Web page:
The US is currently at war with China, not a conventional war, something of a cold war. If you’re wondering how that factors into you buying a Huawei device in Nigeria, here’s a kicker to get you started: Huawei is a Chinese smartphone manufacturer, and Google, the company that makes the software on which Huawei smartphones run, is an American company.
The recent trade war has both companies caught in a crossfire, with the US issuing an embargo on Huawei late-2019. In policy, the embargo prevents US-owned companies from doing business with Huawei on the grounds of ‘national security.’ Google is a US company, and right now, they no longer ‘do business’ with Huawei.
No Google business, no Google Play, but more importantly, No Android OS
The standoff means Huawei loses its licenses to run Google commissioned software on any of its newer phones. That includes everything from the Android OS, Google Play, Google Play Services, and other apps like Google Maps and Gmail.
Older phones that were released before the ban was passed last year can still run these apps, and Google says they will still work with Huawei to release updates for these phones. However, for newer devices, specifically those announced or released after May 16, 2019, apps, updates, and Google support are out of the equation.
What does that mean for you as a user in Nigeria
If you’ve ever used an Android device, you’ll understand that the apps I just listed complete the Android experience, not to mention the Android OS itself is the Android experience. Are you thinking about buying a Huawei device in Nigeria right now? Better be prepared to live without Google and its apps.
Right now, Huawei phones should be off your shopping carts
There were many workarounds to install these apps on newer Huawei devices, but right now, most of them have stopped working. And even the ones that still work are at risk of getting banned anytime soon.
Overall, installing Google commissioned apps is an additional technicality. If you’re just an everyday smartphone user, it really is an unnecessary chore to bother yourself with. That’s aside from the numerous security risks you put your device in if you chose to take this route. Huawei manufactures some excellent phones; there’s no arguing that, but if you just need a smartphone that works perfect and smooth out of the box, you’re better off with another manufacturer.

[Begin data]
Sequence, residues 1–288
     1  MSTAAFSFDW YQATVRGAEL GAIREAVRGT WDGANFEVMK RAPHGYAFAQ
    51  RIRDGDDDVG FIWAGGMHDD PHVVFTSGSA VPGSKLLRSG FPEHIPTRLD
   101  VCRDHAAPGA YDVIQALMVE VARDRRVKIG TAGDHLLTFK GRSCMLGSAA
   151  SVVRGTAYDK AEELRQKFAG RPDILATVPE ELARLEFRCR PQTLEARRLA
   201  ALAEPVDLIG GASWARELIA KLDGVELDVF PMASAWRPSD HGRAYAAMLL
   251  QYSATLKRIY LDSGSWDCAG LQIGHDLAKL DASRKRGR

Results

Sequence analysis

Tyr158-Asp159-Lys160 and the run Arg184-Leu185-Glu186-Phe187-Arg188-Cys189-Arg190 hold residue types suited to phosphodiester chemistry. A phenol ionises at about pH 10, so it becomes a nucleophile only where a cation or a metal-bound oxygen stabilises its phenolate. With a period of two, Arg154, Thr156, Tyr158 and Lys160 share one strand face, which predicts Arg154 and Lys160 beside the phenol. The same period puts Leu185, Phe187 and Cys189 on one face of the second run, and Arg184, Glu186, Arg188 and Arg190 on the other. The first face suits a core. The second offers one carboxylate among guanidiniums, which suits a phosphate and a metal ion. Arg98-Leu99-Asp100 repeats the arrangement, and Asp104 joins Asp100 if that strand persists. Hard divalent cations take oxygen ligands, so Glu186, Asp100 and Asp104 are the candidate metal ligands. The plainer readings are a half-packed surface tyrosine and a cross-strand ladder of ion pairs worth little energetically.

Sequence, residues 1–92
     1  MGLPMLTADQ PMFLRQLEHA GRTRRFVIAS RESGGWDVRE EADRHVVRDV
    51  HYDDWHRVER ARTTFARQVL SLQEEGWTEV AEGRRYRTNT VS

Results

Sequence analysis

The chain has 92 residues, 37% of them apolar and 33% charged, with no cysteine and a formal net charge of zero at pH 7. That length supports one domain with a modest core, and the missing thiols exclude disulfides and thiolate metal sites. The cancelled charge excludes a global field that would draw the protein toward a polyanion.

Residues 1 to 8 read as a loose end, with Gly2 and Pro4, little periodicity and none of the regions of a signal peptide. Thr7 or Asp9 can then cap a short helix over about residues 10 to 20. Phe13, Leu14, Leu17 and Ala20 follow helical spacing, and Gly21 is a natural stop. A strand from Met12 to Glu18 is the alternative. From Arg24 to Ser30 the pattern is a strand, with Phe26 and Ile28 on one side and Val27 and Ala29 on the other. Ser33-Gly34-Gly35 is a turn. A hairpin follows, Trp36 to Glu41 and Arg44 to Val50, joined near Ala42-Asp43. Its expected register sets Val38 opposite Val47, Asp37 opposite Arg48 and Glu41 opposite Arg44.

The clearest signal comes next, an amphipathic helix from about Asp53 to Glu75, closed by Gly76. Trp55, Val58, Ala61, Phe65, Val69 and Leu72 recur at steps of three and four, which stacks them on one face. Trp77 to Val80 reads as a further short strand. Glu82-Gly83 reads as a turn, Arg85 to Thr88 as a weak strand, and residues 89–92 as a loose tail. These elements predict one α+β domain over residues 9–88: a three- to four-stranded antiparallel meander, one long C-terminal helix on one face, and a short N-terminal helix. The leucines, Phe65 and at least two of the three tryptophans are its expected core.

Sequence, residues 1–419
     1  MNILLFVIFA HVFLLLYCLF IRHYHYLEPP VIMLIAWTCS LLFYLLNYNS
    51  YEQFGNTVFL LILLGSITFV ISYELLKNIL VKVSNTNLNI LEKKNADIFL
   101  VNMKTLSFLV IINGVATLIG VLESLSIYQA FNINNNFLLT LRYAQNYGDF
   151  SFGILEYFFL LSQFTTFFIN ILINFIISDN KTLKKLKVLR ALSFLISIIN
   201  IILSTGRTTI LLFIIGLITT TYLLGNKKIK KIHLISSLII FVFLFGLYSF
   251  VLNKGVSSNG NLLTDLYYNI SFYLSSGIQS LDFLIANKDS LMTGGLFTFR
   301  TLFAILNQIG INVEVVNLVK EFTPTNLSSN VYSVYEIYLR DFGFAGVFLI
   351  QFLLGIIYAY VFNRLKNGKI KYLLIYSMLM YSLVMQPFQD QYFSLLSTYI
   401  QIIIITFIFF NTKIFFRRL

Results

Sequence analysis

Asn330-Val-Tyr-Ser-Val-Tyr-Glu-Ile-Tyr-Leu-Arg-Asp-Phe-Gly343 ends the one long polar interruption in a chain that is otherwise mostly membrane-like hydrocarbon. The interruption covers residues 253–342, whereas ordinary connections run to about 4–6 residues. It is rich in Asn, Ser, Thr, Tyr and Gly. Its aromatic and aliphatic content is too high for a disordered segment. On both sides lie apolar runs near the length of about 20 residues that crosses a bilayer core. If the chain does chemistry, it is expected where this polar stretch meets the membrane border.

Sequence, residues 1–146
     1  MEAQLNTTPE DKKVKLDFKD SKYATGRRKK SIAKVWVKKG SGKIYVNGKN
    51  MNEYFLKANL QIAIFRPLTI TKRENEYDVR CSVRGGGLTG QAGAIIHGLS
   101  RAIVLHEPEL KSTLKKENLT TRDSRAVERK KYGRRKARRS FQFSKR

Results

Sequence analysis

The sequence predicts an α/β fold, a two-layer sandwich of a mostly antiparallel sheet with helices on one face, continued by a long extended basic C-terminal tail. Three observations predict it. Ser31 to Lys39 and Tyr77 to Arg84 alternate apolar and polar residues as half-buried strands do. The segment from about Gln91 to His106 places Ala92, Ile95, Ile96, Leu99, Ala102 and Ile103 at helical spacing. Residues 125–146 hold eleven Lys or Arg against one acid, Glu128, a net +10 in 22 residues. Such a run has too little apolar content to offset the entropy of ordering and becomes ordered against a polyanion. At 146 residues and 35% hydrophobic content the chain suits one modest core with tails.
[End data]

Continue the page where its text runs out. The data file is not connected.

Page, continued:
Which smartphone manufacturer can substitute Huawei in Nigeria now?
Huawei’s core value proposition was providing top-tier specs plus a quality build in a smartphone at a price that wouldn’t break the bank. It was effectively a ‘bargain’ premium smartphone manufacturer. If you’re looking for more of the same, something that’s not as expensive as a Samsung or an iPhone but with the same capability, I have some brands I can recommend.
Top brands that can substitute for Huawei
Like Huawei, Xiaomi is a Chinese company. But, unlike the former, it’s not a US target in the ongoing quasi trade war. Xiaomi phones can and still run on Android with official support from Google. Xiaomi’s pricing is also very Huawei-isque, and their smartphone bouquet matches what’s currently offered by Huawei.
Umidigi is not an exact match to Xiaomi. Their phones have more decent specifications, and the build quality is not that excellent. That said, their prices are very reasonable, and overall the phones they make are not too shabby. If you’re willing to compromise a little, I’m taking a downgrade from QUALCOMM processors to those from MediaTek, but with an upside that you save a lot (Umidigi’s flagship A9 Pro ships with 6GB of RAM and 256GB, but costs just $120) then Umidigi is definitely worth the consideration.
Realme is a brand I only started covering recently, and I’m still waiting to get my hands on some of their smartphones. On first impressions and from the spec-sheet I’ve seen, they seem like a smartphone brand that can Rival Huawei in every right.
There was a major shakeup at Nokia a while ago that ended with HMG global buying the company. Since that time, they’ve gone on to debut an impressive Android smartphone array (I’ll be doing a review of the Nokia 2.4 later on, so watch out for that). All in all, the phones they’ve released so far look good, at least on paper. Since it’s Nokia, you don’t have to worry about the build quality also; it’s sure to match – if not surpass – that from Xiaomi.
So, to conclude, should you buy a Huawei phone? Nope! Not for now, except you’re prepared to engage in some rather tedious smartphone ‘hacking’ and ‘cracking.’ There are other phones out there that do a lot of what Huawei does. You should try them out instead.